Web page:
The patient did not have financial capacity for options #1, 2, or 3. The patient however was interested in option #4. The patient was informed that this was not the ideal treatment option and esthetics might be significantly compromised with this option. He was also informed that fabrication of his prostheses would require restoring his VDO with interim occlusal overlay prosthesis, and these interim prostheses would be required for at least 6 weeks prior to initiation of definitive cast partial dentures to determine if patient comfortable with the increased VDO. Patient was fully informed of all risks/benefits/alternatives and decided on therapy option #4.

Treatment Procedure

The maxillary interim acrylic partial denture and mandibular overlay partial denture were fabricated after minimally preparing the occlusal surfaces of mandibular anterior teeth minimally to allow flat, smooth surface for mandibular RPD framework adaptation. Impressions were made with alginate (Jeltrate, Dentsply International, York, PA, USA) to fabricate definitive casts for the interim dentures. The appropriate VDO was determined using interocclusal distance, vertical dimension of rest (VDR) and sibilant sound (Figs. 4-8). These casts were crossed mounted with the diagnostic casts using occlusion rims and polyvinyl siloxane registration material (Regisil, Dentsply International, York, PA, USA) at the centric relation (CR) position. Wax setup of denture teeth were tried in to evaluate VDO using the VDR, interocclusal space, and phonetic methods. The interim dentures were then processed in heat-cured acrylic resin. Note that tooth color acrylic resin was used in the anterior portion of the mandibular interim denture. Laboratory remount and equilibration was performed prior to delivery. During the delivery visit, VDO and centric occlusion (CO) were verified. The dentures were adjusted to proper VDO and CO. The patient was instructed to wear these dentures all day and to remove them at night time. The patient was follow-up at one-, four-, and six-week postoperative visits. At each visit minor adjustment of the denture base was made. However, the patient reported no muscle or TMJ tenderness. He also reported that he was comfortable and functioned well with these prostheses.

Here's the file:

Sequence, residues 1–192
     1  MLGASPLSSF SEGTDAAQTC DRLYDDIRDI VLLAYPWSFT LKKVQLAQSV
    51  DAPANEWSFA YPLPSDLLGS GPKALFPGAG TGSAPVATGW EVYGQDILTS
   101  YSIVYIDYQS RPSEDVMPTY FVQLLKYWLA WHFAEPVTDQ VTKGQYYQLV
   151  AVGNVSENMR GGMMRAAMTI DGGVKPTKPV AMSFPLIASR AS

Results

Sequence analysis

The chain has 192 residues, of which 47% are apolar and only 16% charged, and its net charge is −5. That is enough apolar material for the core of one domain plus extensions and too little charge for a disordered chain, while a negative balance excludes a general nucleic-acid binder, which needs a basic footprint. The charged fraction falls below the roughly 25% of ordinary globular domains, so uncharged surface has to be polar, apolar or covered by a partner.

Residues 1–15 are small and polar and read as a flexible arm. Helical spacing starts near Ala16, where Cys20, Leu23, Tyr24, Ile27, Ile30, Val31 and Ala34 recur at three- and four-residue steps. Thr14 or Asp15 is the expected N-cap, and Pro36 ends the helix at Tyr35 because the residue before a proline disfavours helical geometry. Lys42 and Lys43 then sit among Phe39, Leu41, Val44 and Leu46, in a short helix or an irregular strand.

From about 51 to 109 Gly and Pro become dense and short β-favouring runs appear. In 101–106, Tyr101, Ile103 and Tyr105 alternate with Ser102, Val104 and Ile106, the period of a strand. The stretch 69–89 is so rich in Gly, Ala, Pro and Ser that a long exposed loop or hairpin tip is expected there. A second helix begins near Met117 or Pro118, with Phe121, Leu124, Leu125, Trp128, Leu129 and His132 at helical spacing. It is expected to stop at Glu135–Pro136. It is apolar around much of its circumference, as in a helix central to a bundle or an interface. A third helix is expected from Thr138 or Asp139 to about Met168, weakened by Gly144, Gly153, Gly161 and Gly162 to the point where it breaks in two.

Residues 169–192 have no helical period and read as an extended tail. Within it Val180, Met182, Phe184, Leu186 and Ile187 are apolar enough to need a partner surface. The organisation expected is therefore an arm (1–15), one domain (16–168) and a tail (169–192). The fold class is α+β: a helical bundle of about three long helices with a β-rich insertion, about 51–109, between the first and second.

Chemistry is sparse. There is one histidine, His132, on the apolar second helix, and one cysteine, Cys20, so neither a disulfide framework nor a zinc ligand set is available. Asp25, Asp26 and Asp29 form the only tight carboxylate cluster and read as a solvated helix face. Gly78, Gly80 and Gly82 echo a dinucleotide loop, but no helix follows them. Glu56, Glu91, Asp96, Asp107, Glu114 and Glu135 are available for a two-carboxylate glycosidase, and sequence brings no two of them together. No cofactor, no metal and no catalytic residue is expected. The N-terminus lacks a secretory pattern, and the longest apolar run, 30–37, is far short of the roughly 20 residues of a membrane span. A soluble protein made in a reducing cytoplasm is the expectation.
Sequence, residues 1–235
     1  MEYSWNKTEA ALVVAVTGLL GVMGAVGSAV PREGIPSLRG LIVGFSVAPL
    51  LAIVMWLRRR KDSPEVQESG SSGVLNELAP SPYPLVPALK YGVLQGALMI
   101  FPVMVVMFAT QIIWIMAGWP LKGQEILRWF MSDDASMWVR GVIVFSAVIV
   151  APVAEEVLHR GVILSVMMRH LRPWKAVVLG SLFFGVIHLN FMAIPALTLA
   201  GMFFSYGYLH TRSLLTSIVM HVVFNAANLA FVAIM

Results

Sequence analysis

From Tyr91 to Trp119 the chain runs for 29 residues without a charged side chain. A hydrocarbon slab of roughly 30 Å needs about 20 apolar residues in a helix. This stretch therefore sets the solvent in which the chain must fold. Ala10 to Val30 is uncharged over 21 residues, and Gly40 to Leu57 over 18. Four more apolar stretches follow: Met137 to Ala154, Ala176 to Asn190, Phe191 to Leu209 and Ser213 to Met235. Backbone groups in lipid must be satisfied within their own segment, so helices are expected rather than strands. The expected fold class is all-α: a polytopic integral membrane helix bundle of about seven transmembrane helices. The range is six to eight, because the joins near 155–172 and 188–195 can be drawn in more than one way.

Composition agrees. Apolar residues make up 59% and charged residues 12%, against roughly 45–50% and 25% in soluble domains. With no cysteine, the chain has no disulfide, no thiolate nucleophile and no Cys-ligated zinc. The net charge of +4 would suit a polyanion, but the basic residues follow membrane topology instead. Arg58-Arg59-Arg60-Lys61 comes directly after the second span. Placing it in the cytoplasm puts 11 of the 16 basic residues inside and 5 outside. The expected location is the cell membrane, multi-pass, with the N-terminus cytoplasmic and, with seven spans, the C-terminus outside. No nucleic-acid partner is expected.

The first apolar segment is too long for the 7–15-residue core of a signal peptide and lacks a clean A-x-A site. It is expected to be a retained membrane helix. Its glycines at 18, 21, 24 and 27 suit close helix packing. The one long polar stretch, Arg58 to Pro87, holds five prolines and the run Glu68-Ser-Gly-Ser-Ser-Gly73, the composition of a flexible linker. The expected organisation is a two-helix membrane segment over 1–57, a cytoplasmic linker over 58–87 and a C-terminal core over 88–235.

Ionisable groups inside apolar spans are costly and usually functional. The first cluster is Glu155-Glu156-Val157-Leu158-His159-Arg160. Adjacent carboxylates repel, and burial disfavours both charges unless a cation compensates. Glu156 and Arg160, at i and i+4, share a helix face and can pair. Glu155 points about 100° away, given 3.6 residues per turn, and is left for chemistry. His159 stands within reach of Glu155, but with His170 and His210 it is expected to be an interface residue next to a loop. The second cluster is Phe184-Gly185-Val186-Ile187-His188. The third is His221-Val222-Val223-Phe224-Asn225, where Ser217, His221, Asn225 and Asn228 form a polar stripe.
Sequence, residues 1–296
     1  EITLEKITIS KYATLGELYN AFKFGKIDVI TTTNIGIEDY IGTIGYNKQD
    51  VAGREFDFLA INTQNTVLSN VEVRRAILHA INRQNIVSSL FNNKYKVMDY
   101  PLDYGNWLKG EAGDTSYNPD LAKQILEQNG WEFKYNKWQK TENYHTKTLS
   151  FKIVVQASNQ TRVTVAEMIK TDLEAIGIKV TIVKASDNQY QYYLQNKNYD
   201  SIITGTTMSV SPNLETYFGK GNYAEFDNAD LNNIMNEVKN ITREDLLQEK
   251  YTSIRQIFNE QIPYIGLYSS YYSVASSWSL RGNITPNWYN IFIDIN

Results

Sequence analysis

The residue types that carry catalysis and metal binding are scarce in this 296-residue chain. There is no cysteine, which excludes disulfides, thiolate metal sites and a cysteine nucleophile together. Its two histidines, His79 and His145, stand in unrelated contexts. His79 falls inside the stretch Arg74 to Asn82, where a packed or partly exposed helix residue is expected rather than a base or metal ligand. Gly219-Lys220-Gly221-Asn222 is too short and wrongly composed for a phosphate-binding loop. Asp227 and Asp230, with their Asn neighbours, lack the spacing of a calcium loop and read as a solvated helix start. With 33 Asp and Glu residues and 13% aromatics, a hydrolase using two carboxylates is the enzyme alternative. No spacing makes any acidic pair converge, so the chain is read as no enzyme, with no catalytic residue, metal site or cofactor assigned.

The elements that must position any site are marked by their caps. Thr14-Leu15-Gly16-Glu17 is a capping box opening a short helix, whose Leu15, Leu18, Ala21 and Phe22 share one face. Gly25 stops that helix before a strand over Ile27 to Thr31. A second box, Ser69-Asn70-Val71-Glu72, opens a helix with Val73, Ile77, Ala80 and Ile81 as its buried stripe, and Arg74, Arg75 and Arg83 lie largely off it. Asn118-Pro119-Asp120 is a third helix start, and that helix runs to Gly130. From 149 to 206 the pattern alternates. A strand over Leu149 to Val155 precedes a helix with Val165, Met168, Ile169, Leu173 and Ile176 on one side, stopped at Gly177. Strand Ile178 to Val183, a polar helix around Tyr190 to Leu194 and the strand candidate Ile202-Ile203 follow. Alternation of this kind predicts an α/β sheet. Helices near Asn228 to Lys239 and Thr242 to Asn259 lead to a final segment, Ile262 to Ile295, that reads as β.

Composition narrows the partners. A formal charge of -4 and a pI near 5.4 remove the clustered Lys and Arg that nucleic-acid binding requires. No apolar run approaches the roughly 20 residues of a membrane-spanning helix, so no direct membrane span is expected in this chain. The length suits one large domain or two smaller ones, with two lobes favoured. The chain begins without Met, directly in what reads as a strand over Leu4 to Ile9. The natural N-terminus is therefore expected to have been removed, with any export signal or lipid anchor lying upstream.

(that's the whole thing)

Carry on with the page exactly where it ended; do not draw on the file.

Fig. (4).

Determination of occlusal vertical dimension (VDO).

After eight weeks of using interim dentures, the VDO was again determined using the same techniques described earlier. It was then determined that another 2-mm in the incisal region can be increased in the final prostheses. This dimension would also allow the space for metal framework and the acrylic teeth. (Figs. 9,10). Acrylic (Triad) anterior positioning jig with posterior polyvinyl siloxane were used in CR record. The final VDO was carefully determined in the wax try-in visit (Fig. 11). The final prostheses were delivered (Fig. 12-14). The patient was followed up at twenty-four hours, one week, one month, and finally six months. At each visit, the patient reported that he was comfortable with the prostheses and functioned well with them. He reported no symptom of muscle or TMJ tenderness.

Fig. (5).

Frontal view of interim prostheses in MIP.

Fig. (6).

Frontal view of interim prostheses with slight opening.

Fig. (7).

Maxillary interim prosthesisbb.

Fig. (8).

Mandibular interim overlay partial denture.

Fig. (9).

Maxillary RPD framework.

Fig. (10).

Mandibular RPD framework.

Fig. (11).

Wax try-in.

Fig. (12).

Final prostheses in MIP.

Fig. (13).

Maxillary final prosthesis.

Fig. (14).

Mandibular final prosthesis.